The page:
From Becker’s Healthcare
Only 45% of U.S. rural hospitals currently offer labor and delivery services, and in 10 states, less than 33% do, according to the Center for Healthcare Quality and Payment Reform.
Over the past decade, more than 200 rural hospitals across the country have ceased delivery services, despite such facilities delivering nearly 1 in 10 babies in the U.S., according to the American Hospital Association.
Low Medicaid reimbursements, rising costs and ongoing staff shortages have led many rural hospitals to close labor and delivery units, leading to a higher number of maternity care deserts — counties without a hospital or birth center offering obstetric care and without any obstetric providers.
Areas where there is low or no access affect up to 6.9 million women and almost 500,000 births across the U.S., a year, according to March of Dimes, a nonprofit aiming to improve maternal and child health. In maternity care deserts alone, about 2.2 million women of childbearing age and almost 150,000 babies are affected.
Couple this with the rise in rural hospital closures (37 facilities have closed since 2020) and rural America has a serious problem on its hands.
“Low Medicaid reimbursement is our greatest challenge, especially in Indiana where rates paid to hospitals have not been raised in over 30 years. This is especially detrimental in rural areas where a higher number of births are covered by Medicaid,” Eric Fish, MD, president and CEO of Schneck Medical Center, in Seymour, Ind., told Becker’s. “In Indiana, over half of babies born on an annual basis are covered by Medicaid, which pays 57 cents on the dollar of the cost of providing care. This means hospitals, specifically in rural areas, are experiencing significant financial losses. Increasing Medicaid reimbursement is imperative to keep these services open and to preserve access in the future.”
Many more rural communities are at risk of losing maternity care because of the financial challenges rural hospitals are facing. Rural hospitals typically lose money on obstetric care, so if a hospital can’t make enough money on other services to offset those losses, it may be forced to eliminate maternity care to prevent the hospital from closing entirely.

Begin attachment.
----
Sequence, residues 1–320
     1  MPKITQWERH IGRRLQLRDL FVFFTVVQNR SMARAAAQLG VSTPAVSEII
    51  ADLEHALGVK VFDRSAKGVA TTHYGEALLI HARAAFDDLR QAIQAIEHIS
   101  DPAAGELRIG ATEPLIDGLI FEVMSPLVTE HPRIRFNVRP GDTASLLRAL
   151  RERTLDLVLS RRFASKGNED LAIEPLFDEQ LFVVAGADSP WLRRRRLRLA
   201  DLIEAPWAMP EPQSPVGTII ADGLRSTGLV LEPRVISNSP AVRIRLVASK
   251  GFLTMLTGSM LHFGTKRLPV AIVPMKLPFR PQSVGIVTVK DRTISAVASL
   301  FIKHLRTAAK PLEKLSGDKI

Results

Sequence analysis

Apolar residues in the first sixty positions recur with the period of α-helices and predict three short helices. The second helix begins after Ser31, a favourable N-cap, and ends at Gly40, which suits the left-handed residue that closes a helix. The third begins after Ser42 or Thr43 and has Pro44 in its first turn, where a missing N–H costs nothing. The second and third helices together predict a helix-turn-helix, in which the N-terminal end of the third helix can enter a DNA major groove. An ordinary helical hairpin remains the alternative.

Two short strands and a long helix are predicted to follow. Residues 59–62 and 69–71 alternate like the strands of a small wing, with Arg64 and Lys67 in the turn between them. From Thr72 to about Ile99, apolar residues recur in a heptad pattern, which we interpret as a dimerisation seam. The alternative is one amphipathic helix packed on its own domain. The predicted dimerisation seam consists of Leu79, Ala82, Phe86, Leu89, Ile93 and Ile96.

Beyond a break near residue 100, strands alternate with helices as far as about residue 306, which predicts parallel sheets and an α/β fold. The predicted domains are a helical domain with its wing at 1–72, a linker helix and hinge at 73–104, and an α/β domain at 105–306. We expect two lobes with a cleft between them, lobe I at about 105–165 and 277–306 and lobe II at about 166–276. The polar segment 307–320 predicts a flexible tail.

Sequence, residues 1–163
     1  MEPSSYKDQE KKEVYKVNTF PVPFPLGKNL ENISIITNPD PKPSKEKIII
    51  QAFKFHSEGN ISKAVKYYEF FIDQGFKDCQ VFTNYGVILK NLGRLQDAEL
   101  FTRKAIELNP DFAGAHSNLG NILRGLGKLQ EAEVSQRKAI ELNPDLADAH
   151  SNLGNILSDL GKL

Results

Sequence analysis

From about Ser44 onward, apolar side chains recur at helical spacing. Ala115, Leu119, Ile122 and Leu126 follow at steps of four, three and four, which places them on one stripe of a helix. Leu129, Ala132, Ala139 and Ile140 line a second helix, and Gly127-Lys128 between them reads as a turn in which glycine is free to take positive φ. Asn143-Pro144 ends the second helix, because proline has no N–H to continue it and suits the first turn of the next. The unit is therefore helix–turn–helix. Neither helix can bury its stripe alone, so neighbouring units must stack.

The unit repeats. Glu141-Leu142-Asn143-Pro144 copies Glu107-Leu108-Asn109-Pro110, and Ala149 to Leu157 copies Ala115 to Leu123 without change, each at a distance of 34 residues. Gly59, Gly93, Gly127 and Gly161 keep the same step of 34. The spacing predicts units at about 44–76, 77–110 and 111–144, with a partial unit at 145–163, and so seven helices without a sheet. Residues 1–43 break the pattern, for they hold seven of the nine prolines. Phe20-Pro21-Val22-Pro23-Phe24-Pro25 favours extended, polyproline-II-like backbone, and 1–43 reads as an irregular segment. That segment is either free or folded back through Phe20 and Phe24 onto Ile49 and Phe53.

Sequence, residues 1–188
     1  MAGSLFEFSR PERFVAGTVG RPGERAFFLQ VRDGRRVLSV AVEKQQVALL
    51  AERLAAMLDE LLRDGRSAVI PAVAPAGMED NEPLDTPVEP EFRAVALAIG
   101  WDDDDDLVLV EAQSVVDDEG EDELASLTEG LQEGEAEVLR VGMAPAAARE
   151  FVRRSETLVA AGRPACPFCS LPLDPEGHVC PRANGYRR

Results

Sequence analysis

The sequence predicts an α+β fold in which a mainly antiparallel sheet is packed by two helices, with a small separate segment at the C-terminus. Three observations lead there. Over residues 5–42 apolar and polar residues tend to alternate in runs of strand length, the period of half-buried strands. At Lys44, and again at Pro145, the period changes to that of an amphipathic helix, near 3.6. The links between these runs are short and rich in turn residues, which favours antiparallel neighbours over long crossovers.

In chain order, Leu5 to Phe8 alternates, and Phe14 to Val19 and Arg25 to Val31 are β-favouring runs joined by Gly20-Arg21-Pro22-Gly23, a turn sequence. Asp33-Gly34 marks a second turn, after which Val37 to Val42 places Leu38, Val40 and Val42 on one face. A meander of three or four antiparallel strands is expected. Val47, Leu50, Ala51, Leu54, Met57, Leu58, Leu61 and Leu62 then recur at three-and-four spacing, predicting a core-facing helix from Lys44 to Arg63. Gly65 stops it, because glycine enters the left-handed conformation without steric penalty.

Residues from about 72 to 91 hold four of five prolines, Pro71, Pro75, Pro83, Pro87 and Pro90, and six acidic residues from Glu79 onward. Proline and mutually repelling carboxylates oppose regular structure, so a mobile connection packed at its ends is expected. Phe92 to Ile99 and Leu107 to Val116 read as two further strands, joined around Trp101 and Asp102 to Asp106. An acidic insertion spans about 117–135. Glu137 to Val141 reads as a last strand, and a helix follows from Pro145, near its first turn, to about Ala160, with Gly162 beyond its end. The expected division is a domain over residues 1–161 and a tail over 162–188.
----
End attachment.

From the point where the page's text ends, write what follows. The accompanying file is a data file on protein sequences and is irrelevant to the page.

Another challenge for rural communities is the ability to recruit and retain health care providers — especially obstetricians.
“In Indiana, 87% of rural residents live in areas with a primary care shortage. Across the country, rural hospitals have been creative in forming strategic regional partnerships, including working with larger hospitals and health systems for care coordination, provider training and other resources,” Dr. Fish said. “Such partnerships help rural patients receive care in their communities while a specialist from a larger system can manage high-risk patients as necessary and support the rural provider in planning for delivery in the community. Solutions are needed to increase the pipeline of health care workers, including incentives for providers who choose to serve rural communities, student loan repayment and more.”
The lack of obstetrics workforce and expertise has been a growing issue in rural America, both for providers and obstetric nurses.
“We have spent upwards of $3 million annually for traveling obstetric nurses to keep our unit staffed 24/7/365, but it is the right thing to do for southwest Iowans in order to decrease the excessive mileage required to reach the nearest obstetrics unit,” Brett Altman, DPT, CEO of Atlantic, Iowa-based Cass Health, told Becker’s. “Low volume obstetrics is not profitable and is one of the key drivers for why so many obstetric units have closed in rural areas as these hospitals hit financial headwinds in addition to concerns of competency.”
With 50% of deliveries in rural areas being funded by Medicaid, the most significant impact would be improved Medicaid reimbursement for maternal care services in rural areas, according to Dr. Altman.
“To help cover the losses associated with obstetrics, perhaps rural hospitals offering obstetrics could qualify for a special exception through Medicaid with an add-on payment program or an annual lump-sum payment, similar to [prospective payment system] hospitals that have received disproportionate numbers of low-income patients, based on the hospital’s disproportionate OB patient percentage,” he said.
It’s no secret that rural hospitals are especially feeling the pinch coming out of the pandemic, but federal financial support or an add-on payment program would go a long way toward ensuring the long-term sustainability of many.
The other big issue rural communities have to contend with is population declines and fewer younger people having children in rural areas, but there are strategies some hospital leaders have found effective in combating these trends.
“Our strategy has been to expand our footprint using a hub-and-spoke model to keep our delivery numbers high enough to maintain competency,” Dr. Altman said. “Over the past three years, we’ve been doing outreach with one of our OBGYNs to three smaller rural hospitals in southwest Iowa, which has increased the number of our deliveries by roughly 50%. It is a win for those outreach communities to have maternal health services available making them more viable places for young people to live, a win for Cass Health, and most importantly a win for young moms in underserved rural areas by creating local access to maternal health services.”